Organizations evaluates compliance with human rights in Brazil

5 de April de 2022 | News

Apr 5, 2022 | News

Brazilian organizations submitted a document to the United Nations this Thursday (31), in which they describe the current scenario of compliance with human rights in Brazil. The Amazon Environmental Research Institute (IPAM, acronym in Portuguese), the Instituto do Homem e Meio Ambiente da Amazônia (Imazon), Seja Legal com a Amazônia campaign, the Instituto O Mundo Que Queremos (IOMMQ), and Amigos da Terra – Brazilian Amazon Rainforest, supported by the European organization No Peace Without Justice (NPWJ), joined forces to inform the Universal Periodic Review (UPR) of the UN Human Rights Council of their perspectives, with a focus on human rights, the environment and the rights of indigenous peoples.

The submitted contribution provided an analysis of the implementation of recommendations made to Brazil by State Parties in previous stages of the process. It also provided direct recommendations to the Human Rights Council members assessing Brazil to help the country fulfill its international human rights obligations. These include: to increase transparency in government agencies and develop opportunities for public participation in Brazil’s land designation process; to forbid the issuance of land titles for recently deforested areas and forbid future land occupations from being legalized; ensure that plans such as “Auxílio Brasil” (Brazilian social welfare program) and that “Cesta Básica” (food parcel) meet the needs of indigenous peoples, especially in relation to their food and cultural needs, which are crucial for their survival.

According to Paulo Moutinho, a senior researcher at IPAM Amazônia and spokesman for Seja Legal, the UN’s periodic reviews are fundamental because they establish parameters for the fulfillment of human rights and allow the articulation of different countries around the mission to protect, respect, and fulfill them. For him, although in Brazil we are not experiencing an armed conflict, which takes the lives of thousands of people every day, a large number of Brazilians have their lives and rights continually threatened. “In this changing world full of fake news, it is essential to understand that respect for human rights results in credible and well-established parameters. This allows the international community to have a means of demanding action from governments so that such respect remains and increases on a global scale”, he says.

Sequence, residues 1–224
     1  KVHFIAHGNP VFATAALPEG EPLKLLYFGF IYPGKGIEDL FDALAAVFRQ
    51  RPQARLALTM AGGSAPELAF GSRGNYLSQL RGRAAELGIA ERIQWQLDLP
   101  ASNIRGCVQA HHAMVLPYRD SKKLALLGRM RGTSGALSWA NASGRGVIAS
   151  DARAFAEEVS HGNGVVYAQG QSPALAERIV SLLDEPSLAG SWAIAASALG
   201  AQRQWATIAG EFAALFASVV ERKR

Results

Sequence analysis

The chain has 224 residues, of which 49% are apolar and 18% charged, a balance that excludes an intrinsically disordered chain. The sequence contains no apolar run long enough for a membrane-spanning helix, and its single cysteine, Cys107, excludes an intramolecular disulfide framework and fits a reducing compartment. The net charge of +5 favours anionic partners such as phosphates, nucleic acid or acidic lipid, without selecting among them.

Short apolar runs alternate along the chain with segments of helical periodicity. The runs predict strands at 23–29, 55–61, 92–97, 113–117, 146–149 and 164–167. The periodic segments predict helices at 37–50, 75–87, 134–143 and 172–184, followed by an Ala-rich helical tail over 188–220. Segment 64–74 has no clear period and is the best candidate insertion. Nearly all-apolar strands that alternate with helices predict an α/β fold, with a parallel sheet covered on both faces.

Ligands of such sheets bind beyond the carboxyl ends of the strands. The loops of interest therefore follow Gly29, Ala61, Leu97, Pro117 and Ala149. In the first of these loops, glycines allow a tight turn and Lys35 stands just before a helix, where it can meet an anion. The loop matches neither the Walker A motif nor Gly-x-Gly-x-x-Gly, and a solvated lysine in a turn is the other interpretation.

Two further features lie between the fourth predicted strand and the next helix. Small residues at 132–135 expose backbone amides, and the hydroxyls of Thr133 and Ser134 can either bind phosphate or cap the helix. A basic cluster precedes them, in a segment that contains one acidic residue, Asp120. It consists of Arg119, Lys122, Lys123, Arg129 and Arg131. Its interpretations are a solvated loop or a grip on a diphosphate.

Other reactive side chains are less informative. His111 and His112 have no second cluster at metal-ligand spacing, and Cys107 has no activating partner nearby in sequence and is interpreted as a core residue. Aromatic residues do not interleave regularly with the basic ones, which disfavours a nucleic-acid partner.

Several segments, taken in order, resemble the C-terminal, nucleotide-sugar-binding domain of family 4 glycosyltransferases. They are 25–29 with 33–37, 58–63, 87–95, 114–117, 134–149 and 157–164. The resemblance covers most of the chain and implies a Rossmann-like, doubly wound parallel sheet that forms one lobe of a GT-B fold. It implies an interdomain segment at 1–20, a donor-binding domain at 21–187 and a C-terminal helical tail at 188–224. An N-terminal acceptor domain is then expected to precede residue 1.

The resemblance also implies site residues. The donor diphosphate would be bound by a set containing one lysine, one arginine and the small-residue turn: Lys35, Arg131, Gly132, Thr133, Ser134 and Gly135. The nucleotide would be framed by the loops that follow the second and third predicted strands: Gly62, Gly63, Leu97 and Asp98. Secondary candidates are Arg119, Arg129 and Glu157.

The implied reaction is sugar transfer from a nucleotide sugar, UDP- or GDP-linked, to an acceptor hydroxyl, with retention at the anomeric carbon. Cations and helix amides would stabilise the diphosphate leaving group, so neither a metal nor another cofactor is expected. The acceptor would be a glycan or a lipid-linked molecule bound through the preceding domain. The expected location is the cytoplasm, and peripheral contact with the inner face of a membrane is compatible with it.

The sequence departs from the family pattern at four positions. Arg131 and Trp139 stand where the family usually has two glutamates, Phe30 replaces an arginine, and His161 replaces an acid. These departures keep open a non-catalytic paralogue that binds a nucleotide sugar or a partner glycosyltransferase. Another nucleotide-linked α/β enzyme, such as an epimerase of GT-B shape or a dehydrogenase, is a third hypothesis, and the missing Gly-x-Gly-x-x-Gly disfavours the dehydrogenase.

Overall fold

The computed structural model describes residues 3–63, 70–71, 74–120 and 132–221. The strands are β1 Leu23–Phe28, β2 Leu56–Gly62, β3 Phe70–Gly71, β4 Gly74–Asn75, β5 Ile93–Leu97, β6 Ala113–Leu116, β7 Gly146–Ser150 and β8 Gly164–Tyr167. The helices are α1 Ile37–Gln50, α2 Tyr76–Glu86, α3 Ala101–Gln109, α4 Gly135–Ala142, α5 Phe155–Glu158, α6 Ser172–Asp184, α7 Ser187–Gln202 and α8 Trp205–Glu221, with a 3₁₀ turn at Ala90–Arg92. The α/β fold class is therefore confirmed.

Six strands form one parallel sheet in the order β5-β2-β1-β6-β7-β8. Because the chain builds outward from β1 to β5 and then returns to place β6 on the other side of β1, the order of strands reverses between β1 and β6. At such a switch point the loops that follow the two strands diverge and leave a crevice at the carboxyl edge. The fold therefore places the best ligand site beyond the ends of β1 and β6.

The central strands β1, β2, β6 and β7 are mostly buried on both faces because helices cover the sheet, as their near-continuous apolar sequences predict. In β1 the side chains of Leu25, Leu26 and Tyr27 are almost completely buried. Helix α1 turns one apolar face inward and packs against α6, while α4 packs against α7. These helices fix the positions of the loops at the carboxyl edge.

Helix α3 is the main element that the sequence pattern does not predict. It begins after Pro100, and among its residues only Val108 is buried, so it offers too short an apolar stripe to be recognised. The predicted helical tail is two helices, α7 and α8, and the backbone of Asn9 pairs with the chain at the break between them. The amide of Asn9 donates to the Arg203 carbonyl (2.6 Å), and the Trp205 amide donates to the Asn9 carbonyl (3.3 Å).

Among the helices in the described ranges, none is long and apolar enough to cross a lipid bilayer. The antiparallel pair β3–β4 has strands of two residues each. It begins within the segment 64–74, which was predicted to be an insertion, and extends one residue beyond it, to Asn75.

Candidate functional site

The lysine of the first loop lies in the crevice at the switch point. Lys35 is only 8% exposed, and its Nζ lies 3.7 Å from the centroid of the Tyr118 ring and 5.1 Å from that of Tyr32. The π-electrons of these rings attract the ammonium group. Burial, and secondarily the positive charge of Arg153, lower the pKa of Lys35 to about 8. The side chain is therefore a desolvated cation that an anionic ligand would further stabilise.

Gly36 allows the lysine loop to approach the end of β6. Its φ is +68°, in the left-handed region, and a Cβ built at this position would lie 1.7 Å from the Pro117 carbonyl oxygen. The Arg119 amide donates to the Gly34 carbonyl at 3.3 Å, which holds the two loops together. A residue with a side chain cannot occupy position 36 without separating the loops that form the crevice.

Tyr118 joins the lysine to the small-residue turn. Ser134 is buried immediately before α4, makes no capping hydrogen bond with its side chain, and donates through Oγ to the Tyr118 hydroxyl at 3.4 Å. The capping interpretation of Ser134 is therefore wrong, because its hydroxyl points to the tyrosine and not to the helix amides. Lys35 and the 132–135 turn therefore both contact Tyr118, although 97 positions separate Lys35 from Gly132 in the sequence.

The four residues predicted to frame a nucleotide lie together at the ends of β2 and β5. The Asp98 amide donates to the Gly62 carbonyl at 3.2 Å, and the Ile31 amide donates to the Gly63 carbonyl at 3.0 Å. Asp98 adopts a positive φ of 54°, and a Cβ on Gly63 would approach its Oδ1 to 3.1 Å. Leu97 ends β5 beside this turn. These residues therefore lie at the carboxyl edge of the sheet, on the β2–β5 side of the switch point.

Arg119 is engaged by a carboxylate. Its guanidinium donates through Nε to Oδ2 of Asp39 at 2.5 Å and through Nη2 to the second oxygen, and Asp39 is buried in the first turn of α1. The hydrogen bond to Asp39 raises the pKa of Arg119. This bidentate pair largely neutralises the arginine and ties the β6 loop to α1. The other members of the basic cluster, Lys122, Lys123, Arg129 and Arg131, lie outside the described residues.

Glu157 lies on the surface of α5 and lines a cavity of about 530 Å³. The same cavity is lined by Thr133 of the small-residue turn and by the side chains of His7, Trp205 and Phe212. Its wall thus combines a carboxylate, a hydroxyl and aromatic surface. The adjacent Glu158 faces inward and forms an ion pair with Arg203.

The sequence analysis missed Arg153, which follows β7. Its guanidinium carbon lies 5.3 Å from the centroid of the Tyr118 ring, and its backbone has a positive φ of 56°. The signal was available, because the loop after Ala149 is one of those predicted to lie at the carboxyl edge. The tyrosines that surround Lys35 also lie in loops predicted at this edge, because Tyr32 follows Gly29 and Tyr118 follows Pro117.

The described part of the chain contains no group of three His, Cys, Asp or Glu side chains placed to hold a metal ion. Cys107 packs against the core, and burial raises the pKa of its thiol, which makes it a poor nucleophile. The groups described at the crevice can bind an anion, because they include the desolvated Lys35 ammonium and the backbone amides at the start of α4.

Universal Periodic Review

According to representatives of the organization No Peace Without Justice, the lack of peace and justice in different parts of the world may also reflect a lack of understanding that all human beings are born free and equal in dignity and rights. They also point out that Brazil’s recent history still shows that much remains to be done in terms of sustainable development and human rights.

The UN Human Rights Council regularly assesses the compliance with human rights of each of the 193 United Nations Member States with their obligations and commitments. This evaluation is carried out every four and a half years through the mechanism called Universal Periodic Review (UPR). The role of the UPR is to verify the implementation of the previous recommendations and the evolution of the human rights situation in Member States, thus improving the world scenario. For this, the Council also relies on the consultation and collaboration of civil society organizations.

The State’s review is based on three documents: a national report prepared by the State under review; a compilation of information on the State prepared by the Office of the United Nations High Commissioner for Human Rights (OHCHR); and a summary of information submitted by other interested parties. It is in the latter that civil society organizations enter.

From these documents, the review moves on to a session of the Working Group on the UPR. After a few days of dialogue, the Working Group prepares a report which then becomes the document with the final result of the analysis.

“We hope that these collective efforts will be fruitful and help guide the behavior of the Brazilian State so that it fully fulfills its human rights obligations – including respecting and protecting indigenous peoples and the environment,” say members of No Peace Without Justice. , adding that “it is essential to emphasize that this process does not end with submission to the UPR: ensuring compliance needs to have the participation of all people, and knowing rights is the first step to understanding when they are being violated and what to do to ensure that these violations do not go unpunished”, they conclude.

To read the full report, click here.

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